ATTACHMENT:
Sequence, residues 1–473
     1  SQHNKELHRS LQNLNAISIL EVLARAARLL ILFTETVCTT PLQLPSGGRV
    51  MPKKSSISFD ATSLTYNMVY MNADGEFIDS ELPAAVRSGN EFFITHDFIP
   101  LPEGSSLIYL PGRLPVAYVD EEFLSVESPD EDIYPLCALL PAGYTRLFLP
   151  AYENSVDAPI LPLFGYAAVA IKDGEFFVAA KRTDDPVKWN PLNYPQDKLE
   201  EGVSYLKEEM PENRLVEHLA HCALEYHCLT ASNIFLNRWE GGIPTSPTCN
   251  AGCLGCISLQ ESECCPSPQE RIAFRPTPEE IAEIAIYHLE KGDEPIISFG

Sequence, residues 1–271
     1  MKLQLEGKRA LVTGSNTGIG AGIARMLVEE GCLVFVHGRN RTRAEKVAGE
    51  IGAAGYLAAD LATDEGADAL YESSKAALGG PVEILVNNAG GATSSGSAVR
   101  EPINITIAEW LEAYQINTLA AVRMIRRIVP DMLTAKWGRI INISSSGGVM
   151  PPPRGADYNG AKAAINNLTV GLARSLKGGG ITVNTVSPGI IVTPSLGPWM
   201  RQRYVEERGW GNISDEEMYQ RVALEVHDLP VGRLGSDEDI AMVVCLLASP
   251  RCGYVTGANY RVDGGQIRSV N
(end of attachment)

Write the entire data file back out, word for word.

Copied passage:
Sequence, residues 1–473
     1  SQHNKELHRS LQNLNAISIL EVLARAARLL ILFTETVCTT PLQLPSGGRV
    51  MPKKSSISFD ATSLTYNMVY MNADGEFIDS ELPAAVRSGN EFFITHDFIP
   101  LPEGSSLIYL PGRLPVAYVD EEFLSVESPD EDIYPLCALL PAGYTRLFLP
   151  AYENSVDAPI LPLFGYAAVA IKDGEFFVAA KRTDDPVKWN PLNYPQDKLE
   201  EGVSYLKEEM PENRLVEHLA HCALEYHCLT ASNIFLNRWE GGIPTSPTCN
   251  AGCLGCISLQ ESECCPSPQE RIAFRPTPEE IAEIAIYHLE KGDEPIISFG

Sequence, residues 1–271
     1  MKLQLEGKRA LVTGSNTGIG AGIARMLVEE GCLVFVHGRN RTRAEKVAGE
    51  IGAAGYLAAD LATDEGADAL YESSKAALGG PVEILVNNAG GATSSGSAVR
   101  EPINITIAEW LEAYQINTLA AVRMIRRIVP DMLTAKWGRI INISSSGGVM
   151  PPPRGADYNG AKAAINNLTV GLARSLKGGG ITVNTVSPGI IVTPSLGPWM
   201  RQRYVEERGW GNISDEEMYQ RVALEVHDLP VGRLGSDEDI AMVVCLLASP
   251  RCGYVTGANY RVDGGQIRSV N